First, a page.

Saturday, October 1, 2016

5 Tips for Leading Group Mountain Bike Rides

One of the best things about mountain biking is the group camaraderie we experience riding together. Mountain bike festivals and meetup group rides are common ways we gather and meet new riding partners.  If you find yourself in a position to lead one of these semi-formal group rides, here are good general rules that you can adapt to your group and style.

Know the terrain:  This may seem obvious, but knowing the area you are riding, not just the planned route, is important not just for avoiding getting lost, but for choosing the appropriate level of trail and distance for the group, and finding the shortest way out in an emergency.  Mechanicals can slow the group so the route may need to be shortened if the unexpected happens

Know the group:  Get a headcount and remember it!  Then judge the group's ability. If you are riding with complete strangers this can be hard, but a quick introduction at the start, for example, asking who everyone is and what their favorite area is, can help judge rider level without being too obvious.

Watching riders in the first few miles is a better indicator--riders may overestimate (or underestimate) their ability, so be ready to make adjustments if necessary. Later in the ride, they may not speak up, it may be up to you to gracefully make the adjustment without calling them out.

Communicate all directions:  Slow when approaching trail junctions and make sure everyone is aware of the way. Often the leader can send the fast riders on to the next junction and make sure all the rest of the riders make the turn before continuing.  Asking riders to be responsible to inform the rider behind them is a good idea, but don't depend on this as the leader. It is your responsibility to make sure everyone is on route!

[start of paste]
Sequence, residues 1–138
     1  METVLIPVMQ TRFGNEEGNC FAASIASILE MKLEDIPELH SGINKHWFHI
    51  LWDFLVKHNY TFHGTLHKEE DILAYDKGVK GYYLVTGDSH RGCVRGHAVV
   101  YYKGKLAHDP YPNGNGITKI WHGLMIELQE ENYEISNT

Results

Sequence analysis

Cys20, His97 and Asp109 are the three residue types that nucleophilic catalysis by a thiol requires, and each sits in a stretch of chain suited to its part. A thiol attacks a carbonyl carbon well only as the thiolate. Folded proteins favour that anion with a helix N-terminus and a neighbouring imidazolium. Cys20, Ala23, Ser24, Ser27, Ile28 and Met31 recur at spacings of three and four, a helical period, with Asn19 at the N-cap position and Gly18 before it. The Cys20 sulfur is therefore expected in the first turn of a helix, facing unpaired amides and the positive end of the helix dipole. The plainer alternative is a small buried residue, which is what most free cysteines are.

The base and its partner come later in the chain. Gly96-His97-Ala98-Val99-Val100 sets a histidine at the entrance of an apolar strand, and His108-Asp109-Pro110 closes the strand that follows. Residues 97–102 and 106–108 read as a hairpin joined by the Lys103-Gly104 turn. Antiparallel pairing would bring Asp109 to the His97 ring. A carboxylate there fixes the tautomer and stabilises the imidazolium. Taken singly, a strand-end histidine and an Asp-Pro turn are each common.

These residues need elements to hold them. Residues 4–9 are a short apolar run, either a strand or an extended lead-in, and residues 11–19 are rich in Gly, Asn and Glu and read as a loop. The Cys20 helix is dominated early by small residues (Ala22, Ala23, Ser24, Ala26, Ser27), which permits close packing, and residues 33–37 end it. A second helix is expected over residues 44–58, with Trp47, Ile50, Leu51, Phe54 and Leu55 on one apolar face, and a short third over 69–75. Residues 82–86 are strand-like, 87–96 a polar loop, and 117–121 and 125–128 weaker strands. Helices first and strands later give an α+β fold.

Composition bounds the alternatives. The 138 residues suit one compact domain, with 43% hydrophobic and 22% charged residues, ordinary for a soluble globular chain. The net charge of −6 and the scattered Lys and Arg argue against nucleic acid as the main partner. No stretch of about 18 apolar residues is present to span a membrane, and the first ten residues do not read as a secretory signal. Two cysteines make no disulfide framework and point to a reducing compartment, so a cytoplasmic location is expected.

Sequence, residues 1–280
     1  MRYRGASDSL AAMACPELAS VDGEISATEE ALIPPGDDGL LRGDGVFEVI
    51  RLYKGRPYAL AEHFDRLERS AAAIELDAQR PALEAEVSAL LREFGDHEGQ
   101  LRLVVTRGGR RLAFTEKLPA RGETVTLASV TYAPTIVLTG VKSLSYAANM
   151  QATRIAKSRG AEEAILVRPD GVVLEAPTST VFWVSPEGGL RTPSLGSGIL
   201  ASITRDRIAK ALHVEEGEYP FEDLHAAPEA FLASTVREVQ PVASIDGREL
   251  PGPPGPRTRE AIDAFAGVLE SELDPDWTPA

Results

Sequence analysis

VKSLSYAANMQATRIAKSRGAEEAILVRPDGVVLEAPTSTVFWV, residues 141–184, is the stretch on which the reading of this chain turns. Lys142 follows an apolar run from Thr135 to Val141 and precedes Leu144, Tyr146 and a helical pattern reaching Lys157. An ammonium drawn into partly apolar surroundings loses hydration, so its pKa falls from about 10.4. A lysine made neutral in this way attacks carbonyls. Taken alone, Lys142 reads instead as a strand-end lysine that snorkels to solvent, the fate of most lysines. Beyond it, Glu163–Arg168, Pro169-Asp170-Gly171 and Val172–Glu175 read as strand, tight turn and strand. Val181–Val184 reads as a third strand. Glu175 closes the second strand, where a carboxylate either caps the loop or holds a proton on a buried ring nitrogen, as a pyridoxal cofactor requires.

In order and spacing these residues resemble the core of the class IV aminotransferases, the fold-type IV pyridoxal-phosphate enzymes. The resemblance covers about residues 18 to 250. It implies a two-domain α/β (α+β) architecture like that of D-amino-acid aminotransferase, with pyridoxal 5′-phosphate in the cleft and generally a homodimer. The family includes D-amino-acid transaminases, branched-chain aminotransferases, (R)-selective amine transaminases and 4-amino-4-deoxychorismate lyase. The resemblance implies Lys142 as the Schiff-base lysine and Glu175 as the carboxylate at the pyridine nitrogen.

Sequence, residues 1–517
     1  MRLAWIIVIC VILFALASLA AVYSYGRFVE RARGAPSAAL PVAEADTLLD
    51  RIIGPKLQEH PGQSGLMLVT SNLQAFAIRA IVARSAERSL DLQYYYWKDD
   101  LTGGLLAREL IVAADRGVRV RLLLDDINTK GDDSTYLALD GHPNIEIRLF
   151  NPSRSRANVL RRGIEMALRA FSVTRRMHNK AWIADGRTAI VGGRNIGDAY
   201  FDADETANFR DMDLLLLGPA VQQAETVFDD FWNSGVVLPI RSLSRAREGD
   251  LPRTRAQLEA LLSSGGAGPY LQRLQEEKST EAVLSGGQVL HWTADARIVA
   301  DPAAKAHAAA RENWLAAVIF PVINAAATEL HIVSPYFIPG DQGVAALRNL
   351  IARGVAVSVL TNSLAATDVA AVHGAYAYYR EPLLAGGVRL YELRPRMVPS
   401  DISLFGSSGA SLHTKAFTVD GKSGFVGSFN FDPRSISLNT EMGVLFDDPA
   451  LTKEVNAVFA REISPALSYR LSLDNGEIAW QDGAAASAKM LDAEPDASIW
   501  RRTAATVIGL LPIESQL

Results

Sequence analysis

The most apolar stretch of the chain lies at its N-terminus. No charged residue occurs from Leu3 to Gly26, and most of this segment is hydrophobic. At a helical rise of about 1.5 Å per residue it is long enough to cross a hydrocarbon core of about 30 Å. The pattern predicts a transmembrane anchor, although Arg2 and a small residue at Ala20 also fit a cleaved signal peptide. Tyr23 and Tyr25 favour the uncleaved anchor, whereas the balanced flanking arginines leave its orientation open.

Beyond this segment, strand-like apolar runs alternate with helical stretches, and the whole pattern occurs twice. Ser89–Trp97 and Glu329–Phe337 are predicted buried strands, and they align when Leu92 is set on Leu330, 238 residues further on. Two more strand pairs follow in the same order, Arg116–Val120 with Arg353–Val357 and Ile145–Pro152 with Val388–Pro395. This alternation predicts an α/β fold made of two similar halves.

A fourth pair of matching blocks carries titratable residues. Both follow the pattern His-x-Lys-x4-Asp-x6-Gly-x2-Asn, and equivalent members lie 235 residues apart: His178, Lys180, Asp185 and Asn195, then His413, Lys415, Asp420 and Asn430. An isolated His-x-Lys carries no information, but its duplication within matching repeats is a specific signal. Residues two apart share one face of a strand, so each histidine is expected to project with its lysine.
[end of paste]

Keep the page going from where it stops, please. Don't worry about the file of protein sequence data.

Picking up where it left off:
One customary instruction is "Nothing said, straight ahead".  If no turn is going to be made at a junction with an obvious straight direction, this helps keep the group moving.  But be sure you tell the group this instruction in the beginning of the ride, and reinforcing it at the first junction is helpful. And have a plan if someone gets left--for example, have them wait at the last intersection, and use your headcount often to make sure no one is left behind.  If possible, have another rider familiar with the route act as "sweep", riding last to make sure everyone stays on route.

The MVD Meetup Group listens to instruction at Fountainhead
 Trail etiquette:  Yield the trail to all other users, even when typically etiquette indicates otherwise.  Groups can annoy other users, especially in rough conditions (mud, dust, hills) so this helps maintain civil relationships.  Greet other trail users every time, and its a good practice to let them know how many are coming behind you.

And when you stop for rest or to gather the group, stop beyond the crest of the hill--there is nothing worse than being a following rider and the leader is perched just at the crest of the hill, forcing everyone else to start going uphill!

Be sure everyone is ready to move after the group gathers for a stop or rest--don't leave as soon as the last rider arrives, give them a chance to rest some too!



Be inclusive. Be a Leader! Here are some ways: During a big climb, slow down as you approach the top, this gathers  the group so that everyone reaches the top at a similar time.  Alternatively, if you have speedy climbers that want to blast off, no problem, let them go, then you, as leader, finish the climb riding with the slower riders. There's nothing more humiliating for new or slower riders to have the group watch them struggling up the final push while everyone is waiting and staring.  If you ride in with them, the entire dynamic changes and everyone is a team.

Be prepared to help repair minor mechanical issues and minor first aid issues. It's a good idea to carry: a first aid kit, a spare derailleur cable, a couple of innertubes (a 26 and 27.5 is a good idea--smaller tubes can go on larger wheels if needed, tougher to put larger tubes on smaller wheels), some chain quick links, a tube patch kit.

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